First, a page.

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In 2011, Intuit Inc. embarked on an effort to completely revamp its QuickBooks Online accounting service for small businesses with better integration of payroll, customer relationship management and third-party services. With its shift toward software as a service, Intuit decided to transform its desktop production model -- development, QA and IT operations -- so developers could quickly prototype incremental functionality to address customers' demands. As part of the effort, which culminated in the announcement of a completely new service in September 2013, the financial software company focused on responsive development and continuous rollout. In other words, they needed DevOps.
Consumer awareness of massive data breaches started around the same time period. Online attackers scooped up at least 60 million email addresses belonging to Fortune 100 clients of marketing firm Epsilon Data Management in 2011. The same year, hackers caused disruptions in Sony's PlayStation Network for more than three weeks and made off with credentials and information for 77 million PSN and Qriocity accounts. And the colossal Target breach, in which attackers stole 110 million records, capped off 2013. With the introduction of CRM features and payroll information, it's little wonder, then, that Intuit put a major focus on DevOps security.
There's no recipe book for integrating security into DevOps' continuous integration and continuous delivery (CI/CD) cycle, says Shannon Lietz, senior manager for cloud security engineering at Intuit. With 3,000 developers, Intuit faced enormous problems because the security and agile DevOps teams continued to lead separate existences.
"We realized that the DevOps teams were throwing [responsibility] over the wall to security, and we [security] had all the information; we knew all the attacks that were coming in, and the DevOps people…did not have the information to make the decisions," she says. "And we said, 'Alright, we have to figure out how to fix this problem.' It was a head-banging experience."
Fast-tracking DevOps security
Lietz is not alone. Other major firms that created cloud services, or moved their services to the cloud, dealt with similar issues. Video-streaming service Netflix and Etsy, a marketplace for crafters, are well-known proponents of DevOps security. Both companies also pioneered many of the efforts to secure Agile software development.
"There were a million lessons to be learned along the way and some pretty spectacular failures," says Zane Lackey, a former director of security engineering for Etsy, who left and founded Signal Sciences in 2014 with Etsy colleagues Andrew Peterson and Nick Galbreath.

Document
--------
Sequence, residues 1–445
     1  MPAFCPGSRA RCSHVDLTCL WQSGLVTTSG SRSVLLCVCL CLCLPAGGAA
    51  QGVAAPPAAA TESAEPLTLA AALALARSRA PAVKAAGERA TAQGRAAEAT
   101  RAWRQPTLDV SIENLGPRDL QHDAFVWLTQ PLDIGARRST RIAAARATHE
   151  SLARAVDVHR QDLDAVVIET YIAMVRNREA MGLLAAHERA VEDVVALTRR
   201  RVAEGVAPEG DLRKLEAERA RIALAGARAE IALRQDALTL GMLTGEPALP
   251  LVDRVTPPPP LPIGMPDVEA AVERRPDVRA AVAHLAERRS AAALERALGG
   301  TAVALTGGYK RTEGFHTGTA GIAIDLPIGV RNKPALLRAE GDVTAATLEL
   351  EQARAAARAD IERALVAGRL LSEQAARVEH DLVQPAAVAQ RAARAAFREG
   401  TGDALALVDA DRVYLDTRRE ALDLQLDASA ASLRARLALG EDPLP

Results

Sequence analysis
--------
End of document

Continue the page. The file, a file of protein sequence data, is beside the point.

With the online craft marketplace pushing out 50 deploys in a day, Etsy faced several challenges in fast-tracking DevOps security testing and providing visibility to developers.
"How do we get coverage and visibility over the applications and APIs that we are trying to defend?" Lackey says. "And how can we couple that up with the ability to really block attacks against apps that can really scale and be used in production?"
Developers have always pursued faster development methods. With the publication of the Manifesto for Agile Software Development in 2001, and the move from software to cloud services, the practice of developers working more closely with IT operations to automate more of their workflow has taken off.
"DevOps is different," says Rich Mogull, CEO of security consultancy Securosis. "It is as much of a philosophy as an approach. DevOps is about extending the concepts of an assembly line to figure how we get code into the hands of customers."
The DevOps concept -- popularized in The Phoenix Project (IT Revolution Press, 2013), a novel authored by DevOps proponents Gene Kim, George Spafford and Kevin Behr -- has gone from niche to mainstream in the past decade. According to RightScale's "2016 State of the Cloud Report: DevOps Trends," 74% of the 1,060 IT professionals surveyed worldwide indicated their organizations are adopting DevOps for software development, up from 66% in 2015. However, it is not companywide -- 60% of DevOps adoption is by specific business units or project teams.